By Cameron G. Shilling (originally published 10/18/2013)
Emails, texts and other communications that an employee has with an attorney using a company account may not be privileged, according to the most recent decision on the issue from a court in Delaware. That state has now joined a growing list of others (Arizona, California, Florida, Idaho, Illinois, New Jersey, New York, Oklahoma, Pennsylvania, Texas, Washington, and West Virginia) where courts have found that an employee waived privilege by communicating with an attorney on a company email account. However, some courts distinguish between an employee’s communications on a company account, and communications on a personal account using a company electronic device. Thus, a company should ensure that its technology use policy covers both company accounts and devices, and that the company can permissible review communications between an employee and attorney before doing so.
The Delaware court adopted a well-recognized four-part test to determine if an employee waived privilege by using a company account or device to communicate with an attorney:
- Did the company have a policy informing employees that personal communications on company accounts or devices are not private?
- Did the company monitor and review, or inform employees that it may monitor and review, such personal communications?
- Did the company have a right and ability to access company accounts and devices?
- Did the company notify employees, or was the employee otherwise aware, of the company’s policy?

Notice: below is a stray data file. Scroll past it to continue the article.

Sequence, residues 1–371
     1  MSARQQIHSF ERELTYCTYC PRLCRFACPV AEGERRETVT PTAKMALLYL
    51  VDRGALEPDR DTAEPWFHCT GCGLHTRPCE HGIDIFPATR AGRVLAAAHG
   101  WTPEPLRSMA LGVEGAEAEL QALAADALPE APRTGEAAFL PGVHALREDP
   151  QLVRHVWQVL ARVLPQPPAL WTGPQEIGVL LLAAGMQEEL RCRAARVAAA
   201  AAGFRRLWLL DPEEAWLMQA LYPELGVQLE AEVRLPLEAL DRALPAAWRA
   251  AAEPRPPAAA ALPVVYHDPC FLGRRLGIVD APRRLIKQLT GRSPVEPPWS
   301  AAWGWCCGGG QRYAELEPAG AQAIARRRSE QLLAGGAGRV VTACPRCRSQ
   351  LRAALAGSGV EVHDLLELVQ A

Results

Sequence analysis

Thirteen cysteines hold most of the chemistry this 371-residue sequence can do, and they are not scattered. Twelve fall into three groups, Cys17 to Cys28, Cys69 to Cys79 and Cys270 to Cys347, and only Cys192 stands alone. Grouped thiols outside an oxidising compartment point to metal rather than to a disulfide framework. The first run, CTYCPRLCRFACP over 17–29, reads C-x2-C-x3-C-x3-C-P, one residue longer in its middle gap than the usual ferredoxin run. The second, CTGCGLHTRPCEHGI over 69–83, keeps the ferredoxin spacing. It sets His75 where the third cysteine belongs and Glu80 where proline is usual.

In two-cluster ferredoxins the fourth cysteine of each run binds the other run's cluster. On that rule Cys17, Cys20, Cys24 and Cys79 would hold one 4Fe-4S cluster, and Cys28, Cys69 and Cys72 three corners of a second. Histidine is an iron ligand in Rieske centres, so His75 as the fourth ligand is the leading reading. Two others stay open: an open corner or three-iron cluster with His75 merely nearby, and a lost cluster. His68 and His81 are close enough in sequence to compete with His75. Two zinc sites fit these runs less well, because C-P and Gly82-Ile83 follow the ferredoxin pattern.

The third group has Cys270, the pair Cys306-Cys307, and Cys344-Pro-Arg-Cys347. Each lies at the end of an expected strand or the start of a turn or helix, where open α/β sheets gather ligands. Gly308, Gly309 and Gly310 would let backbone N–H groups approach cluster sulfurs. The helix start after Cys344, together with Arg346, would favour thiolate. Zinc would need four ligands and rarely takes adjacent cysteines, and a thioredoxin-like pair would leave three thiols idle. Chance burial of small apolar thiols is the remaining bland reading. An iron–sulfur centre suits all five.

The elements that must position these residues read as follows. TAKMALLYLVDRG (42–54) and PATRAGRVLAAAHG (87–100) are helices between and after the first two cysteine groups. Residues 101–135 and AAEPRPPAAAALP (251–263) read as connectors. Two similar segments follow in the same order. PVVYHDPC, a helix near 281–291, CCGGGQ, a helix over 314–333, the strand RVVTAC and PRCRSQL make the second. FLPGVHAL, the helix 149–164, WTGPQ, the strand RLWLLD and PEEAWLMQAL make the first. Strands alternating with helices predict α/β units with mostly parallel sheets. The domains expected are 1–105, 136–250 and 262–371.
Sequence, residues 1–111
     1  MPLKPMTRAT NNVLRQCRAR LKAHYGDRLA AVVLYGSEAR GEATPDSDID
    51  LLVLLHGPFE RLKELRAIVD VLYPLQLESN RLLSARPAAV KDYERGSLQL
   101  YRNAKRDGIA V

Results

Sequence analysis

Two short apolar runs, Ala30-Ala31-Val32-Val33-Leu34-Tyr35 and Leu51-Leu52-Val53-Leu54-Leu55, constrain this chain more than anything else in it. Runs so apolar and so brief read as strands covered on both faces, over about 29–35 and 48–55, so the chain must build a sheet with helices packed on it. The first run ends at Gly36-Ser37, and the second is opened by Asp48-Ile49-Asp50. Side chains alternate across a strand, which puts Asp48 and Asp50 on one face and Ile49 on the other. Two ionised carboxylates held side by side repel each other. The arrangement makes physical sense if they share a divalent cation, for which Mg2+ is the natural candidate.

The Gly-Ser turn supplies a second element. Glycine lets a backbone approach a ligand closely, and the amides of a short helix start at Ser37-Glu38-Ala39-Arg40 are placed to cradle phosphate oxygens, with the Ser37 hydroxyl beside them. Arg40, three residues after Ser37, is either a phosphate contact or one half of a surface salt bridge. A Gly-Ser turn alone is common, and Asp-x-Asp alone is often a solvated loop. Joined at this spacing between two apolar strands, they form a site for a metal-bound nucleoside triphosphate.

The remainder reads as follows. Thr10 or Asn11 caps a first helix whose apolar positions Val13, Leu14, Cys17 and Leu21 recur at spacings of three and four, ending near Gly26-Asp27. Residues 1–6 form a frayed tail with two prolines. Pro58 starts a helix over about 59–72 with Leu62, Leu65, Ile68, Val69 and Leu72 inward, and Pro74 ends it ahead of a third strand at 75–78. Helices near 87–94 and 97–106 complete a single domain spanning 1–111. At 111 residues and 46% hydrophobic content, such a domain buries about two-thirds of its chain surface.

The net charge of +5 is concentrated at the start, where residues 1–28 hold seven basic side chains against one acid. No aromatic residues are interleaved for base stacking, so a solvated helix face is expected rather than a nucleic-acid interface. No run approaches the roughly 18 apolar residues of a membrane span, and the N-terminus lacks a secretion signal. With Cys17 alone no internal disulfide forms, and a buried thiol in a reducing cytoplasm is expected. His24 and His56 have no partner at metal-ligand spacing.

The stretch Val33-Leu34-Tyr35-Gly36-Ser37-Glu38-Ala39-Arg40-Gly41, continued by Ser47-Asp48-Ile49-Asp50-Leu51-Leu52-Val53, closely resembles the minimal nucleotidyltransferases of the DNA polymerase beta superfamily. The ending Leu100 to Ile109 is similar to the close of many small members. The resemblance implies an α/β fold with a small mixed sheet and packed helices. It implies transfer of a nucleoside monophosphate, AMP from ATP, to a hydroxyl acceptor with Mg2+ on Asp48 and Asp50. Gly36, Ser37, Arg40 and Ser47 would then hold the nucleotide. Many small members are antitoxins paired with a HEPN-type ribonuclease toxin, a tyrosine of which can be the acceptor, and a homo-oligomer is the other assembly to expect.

In addition to the states listed above, courts in other states (including Connecticut, the District of Columbia, Maryland, Minnesota, and Kansas) have applied this four-part test, but found on the facts of the particular case that the company did not satisfy each element of the test, and thus that the employee did not waive privilege.
While courts are relatively settled on applying that test to company accounts, there is a split of authority concerning a company’s right to review an employee’s communications with an attorney using a personal account accessed on a company device. For example, an employee may communicate with an attorney on a webmail account (such as Gmail or Yahoo!) using a company computer, laptop, tablet (e.g., iPad), or smartphone (e.g., iPhone, Droid or Blackberry). The company may be able to recover such communications from the device if the webmail account was configured to create a backup file on the device, or if the webmail data can be forensically extracted from the “residual” space of the hard drive.
Courts in three states (New Jersey, Massachusetts, and Washington) found that such webmail communications remain privileged. Two other courts (New York and Washington) disagreed. They found that, while the differences between a company email account and a personal webmail account accessed on a company device may affect the outcome under the four-part test, the test still should be applied to determine whether the employee waived privilege.
An employee’s communications on company accounts and devices (including with attorneys) can be a treasure trove of valuable evidence. To ensure that the company has the best possible right to review such communications, it should adopt a technology use policy that appropriately informs employees that all data created, stored, sent or received on a company account or device is the property of the company, and may be monitored and reviewed by the company at any time and for any reason, and therefore that employees cannot expect any such data to be private or confidential from the company. The policy should be sent to all employees, and each employee should acknowledge that he or she received, reviewed, and will comply with it. Companies should behave in accordance with the policy, and refrain from doing anything that may lead an employee to expect privacy with respect to such data. Finally, when a company encounters employee communications with an attorney on a company account or device, it should ensure that it has the right under applicable law to review such communications before doing so.